For a while now, vRA has contained a Health Service that can be used to check and validate the vRA environment. It’s a great tool, and very necessary when migrating from an older vRA versions. In this case, it can be used to identify if any of the VMs and appliances in the environment use an older version of Gugent Agent. Upgrade of the Agent is a necessary step for a successful migration.
Sometimes the Health tab, which is used to access the Health Service, can be blank. There are many reason for this, but I encountered a specific one during migrations that was interesting. The vRA documentation has a tip that if the tab is empty, you need to stop the service and start the service again. Unfortunately this did not work for me.
While looking into the logs, an error was discovered in the catalina.out log:
[UTC:2018-09-19 08:28:01,881 Local:2018-09-19 08:28:01,881] vcac: [component="cafe:healthbroker-proxy" priority="ERROR" thread="tomcat-http--48" tenant="ehc" context="yEQTsQB5" parent="" token="yEQTsQB5"] com.vmware.vcac.platform.service.rest.resolver.ApplicationExceptionHandler.handleUnexpectedException:874 - Forbidden
This is odd, since the user trying to access the Health tab had pretty much all the rights you can have in vRA. Assigning Health admin/user rights manually to the user did not help with the “Forbidden” error. For me this problem happened first right after I did a migration from vRA 7.3 to 7.4. After consulting with the VMware Support, the latest vRA hotfix was installed from KB 56618. It did actually fix the situation, but it turns out the hotfix may have not been a real fix.
Being curious, I installed a new clean distributed vRA 7.4 environment. I checked the Health tab after install and it was fine. Instead of doing a migration again to this vRA, I installed the hotfix before doing anything else. Surprisingly, after applying the hotfix the Health tab was empty again with the same error in the log. This should not have happened if the hotfix was actually fixing something.. It’s still a good idea to run the hotfix, it does have plenty of other benefits.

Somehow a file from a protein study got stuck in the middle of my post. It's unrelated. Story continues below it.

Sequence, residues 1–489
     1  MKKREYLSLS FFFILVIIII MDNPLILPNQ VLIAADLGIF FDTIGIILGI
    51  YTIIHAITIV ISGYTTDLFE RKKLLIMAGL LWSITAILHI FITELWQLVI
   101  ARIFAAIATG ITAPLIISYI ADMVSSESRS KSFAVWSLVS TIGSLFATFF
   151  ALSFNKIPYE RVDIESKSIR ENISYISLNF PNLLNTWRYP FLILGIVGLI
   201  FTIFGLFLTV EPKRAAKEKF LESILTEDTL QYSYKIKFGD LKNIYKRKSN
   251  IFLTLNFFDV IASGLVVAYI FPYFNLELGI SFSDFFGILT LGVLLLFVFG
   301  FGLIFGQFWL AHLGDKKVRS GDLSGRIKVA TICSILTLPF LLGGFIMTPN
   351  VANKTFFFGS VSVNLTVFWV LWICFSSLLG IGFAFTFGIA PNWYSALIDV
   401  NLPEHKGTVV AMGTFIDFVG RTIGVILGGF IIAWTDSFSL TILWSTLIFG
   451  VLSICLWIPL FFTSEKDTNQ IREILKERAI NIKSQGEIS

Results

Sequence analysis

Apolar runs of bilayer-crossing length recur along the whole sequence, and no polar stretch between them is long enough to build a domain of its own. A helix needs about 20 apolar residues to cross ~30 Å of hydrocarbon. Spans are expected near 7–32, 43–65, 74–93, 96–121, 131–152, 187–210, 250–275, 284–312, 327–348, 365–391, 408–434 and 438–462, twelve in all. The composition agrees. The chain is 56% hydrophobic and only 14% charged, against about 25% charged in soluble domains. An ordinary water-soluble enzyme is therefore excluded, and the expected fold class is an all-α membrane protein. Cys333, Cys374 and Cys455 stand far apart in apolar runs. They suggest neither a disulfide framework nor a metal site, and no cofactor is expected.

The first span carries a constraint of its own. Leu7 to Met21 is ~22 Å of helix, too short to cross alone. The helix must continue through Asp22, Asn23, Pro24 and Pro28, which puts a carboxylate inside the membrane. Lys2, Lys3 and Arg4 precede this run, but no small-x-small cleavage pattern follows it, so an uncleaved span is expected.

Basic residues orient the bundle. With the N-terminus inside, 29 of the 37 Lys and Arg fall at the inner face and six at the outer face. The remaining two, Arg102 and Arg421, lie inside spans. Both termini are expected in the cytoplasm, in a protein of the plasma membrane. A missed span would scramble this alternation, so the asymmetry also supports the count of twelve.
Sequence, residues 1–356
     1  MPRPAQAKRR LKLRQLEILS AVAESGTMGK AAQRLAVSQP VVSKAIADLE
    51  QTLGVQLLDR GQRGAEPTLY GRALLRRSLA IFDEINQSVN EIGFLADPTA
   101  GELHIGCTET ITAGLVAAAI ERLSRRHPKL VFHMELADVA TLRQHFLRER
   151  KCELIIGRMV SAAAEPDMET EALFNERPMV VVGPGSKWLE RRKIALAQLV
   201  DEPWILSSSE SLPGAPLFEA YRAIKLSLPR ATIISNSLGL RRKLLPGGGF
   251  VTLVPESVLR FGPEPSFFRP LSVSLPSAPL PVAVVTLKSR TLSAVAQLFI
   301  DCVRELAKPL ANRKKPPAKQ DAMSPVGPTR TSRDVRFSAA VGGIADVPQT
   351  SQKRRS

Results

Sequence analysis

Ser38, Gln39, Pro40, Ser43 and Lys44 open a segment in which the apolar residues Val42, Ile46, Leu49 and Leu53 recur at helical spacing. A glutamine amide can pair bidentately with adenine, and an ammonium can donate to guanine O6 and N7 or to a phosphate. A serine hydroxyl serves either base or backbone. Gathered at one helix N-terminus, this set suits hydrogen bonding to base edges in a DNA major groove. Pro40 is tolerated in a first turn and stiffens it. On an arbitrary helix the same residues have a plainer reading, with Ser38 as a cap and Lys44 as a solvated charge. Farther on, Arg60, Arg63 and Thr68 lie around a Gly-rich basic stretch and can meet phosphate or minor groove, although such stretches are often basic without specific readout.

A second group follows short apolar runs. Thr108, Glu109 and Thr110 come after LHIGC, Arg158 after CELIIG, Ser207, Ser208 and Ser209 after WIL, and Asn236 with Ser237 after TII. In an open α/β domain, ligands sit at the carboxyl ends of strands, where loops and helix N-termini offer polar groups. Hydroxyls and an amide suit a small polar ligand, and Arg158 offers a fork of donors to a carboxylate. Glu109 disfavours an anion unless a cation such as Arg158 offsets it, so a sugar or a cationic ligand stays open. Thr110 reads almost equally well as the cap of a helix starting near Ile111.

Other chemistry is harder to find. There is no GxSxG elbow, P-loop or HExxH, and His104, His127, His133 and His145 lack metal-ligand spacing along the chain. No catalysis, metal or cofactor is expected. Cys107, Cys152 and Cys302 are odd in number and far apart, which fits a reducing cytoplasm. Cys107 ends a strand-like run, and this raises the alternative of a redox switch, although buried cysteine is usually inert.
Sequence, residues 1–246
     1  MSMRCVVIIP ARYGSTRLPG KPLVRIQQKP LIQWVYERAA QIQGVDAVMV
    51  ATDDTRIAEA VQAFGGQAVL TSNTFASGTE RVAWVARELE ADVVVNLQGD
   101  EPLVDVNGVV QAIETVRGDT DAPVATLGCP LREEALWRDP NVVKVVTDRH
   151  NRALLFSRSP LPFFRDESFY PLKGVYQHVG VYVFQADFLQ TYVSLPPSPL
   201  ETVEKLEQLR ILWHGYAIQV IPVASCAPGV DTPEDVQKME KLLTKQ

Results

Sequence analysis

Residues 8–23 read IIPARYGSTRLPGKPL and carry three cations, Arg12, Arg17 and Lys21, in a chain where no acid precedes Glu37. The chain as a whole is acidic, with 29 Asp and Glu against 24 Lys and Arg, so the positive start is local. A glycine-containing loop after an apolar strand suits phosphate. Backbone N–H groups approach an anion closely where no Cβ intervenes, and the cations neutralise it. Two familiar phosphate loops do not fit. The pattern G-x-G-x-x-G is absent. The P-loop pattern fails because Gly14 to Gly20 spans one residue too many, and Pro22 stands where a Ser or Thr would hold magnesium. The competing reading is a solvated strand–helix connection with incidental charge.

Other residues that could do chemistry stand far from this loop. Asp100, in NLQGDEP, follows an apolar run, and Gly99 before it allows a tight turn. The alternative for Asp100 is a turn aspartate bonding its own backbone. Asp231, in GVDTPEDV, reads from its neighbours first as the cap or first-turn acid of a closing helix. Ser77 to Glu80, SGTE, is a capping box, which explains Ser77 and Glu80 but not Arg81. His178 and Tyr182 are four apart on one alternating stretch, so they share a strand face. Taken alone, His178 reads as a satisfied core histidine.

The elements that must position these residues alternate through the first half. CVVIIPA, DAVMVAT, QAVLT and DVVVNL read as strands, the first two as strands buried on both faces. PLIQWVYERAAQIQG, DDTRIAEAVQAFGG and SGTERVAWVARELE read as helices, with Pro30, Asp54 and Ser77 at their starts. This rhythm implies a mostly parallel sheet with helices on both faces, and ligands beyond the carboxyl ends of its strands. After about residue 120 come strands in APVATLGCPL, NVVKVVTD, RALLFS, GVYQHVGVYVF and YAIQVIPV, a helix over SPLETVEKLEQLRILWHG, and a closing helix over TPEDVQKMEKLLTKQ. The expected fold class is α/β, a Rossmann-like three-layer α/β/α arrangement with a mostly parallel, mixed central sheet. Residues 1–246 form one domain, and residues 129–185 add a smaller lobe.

Poking around the vrhb-service I noticed that even if you shutdown the service and prevent the service to start during boot with chkconfig, the service still crawled up automatically. Having the service in “off” state in chkconfig should have prevented the service to start after reboot, but it still got up. Although nothing in the logs indicated that startup is the problem, it certainly pointed to that direction. The way I got this fixed was with the following procedure. Disclaimer! This procedure will shutdown one vRA node. While this is ok, the environment is still in a vulnerable state, so be cautious and continue with your own risk.
- Gracefully shutdown the secondary vRA node
- On the primary vRA node, shutdown vrhb-service
service vrhb-service stop
- Remove the sandbox folders as per KB 56618. Need to be fast here so that the service doesn’t restart automatically
rm -rf /var/lib/vrhb/service-host/sandbox /var/lib/vrhb/vra-test-host/sandbox
- Start the vrhb-service
service vrhb-service start
- Monitor the /storage/log/vmware/vrhb/service-host.log and wait for the service to start and for it to start looking for the secondary node:
[W][2018-09-27T07:17:09.972Z][lambda$checkServiceAvailability$1][SelectOwner for /health/config/auth-bootstrap to https://primary_node_IP:8090/core/node-selectors/healthgroupfailed: java.lang.IllegalStateException: Available nodes: 1, quorum:2]
- At this stage, restart the secondary vRA node and wait to see in the service-host.log that the secondary node is up and there are 2 available nodes
That did it for me, the Health Tab returned!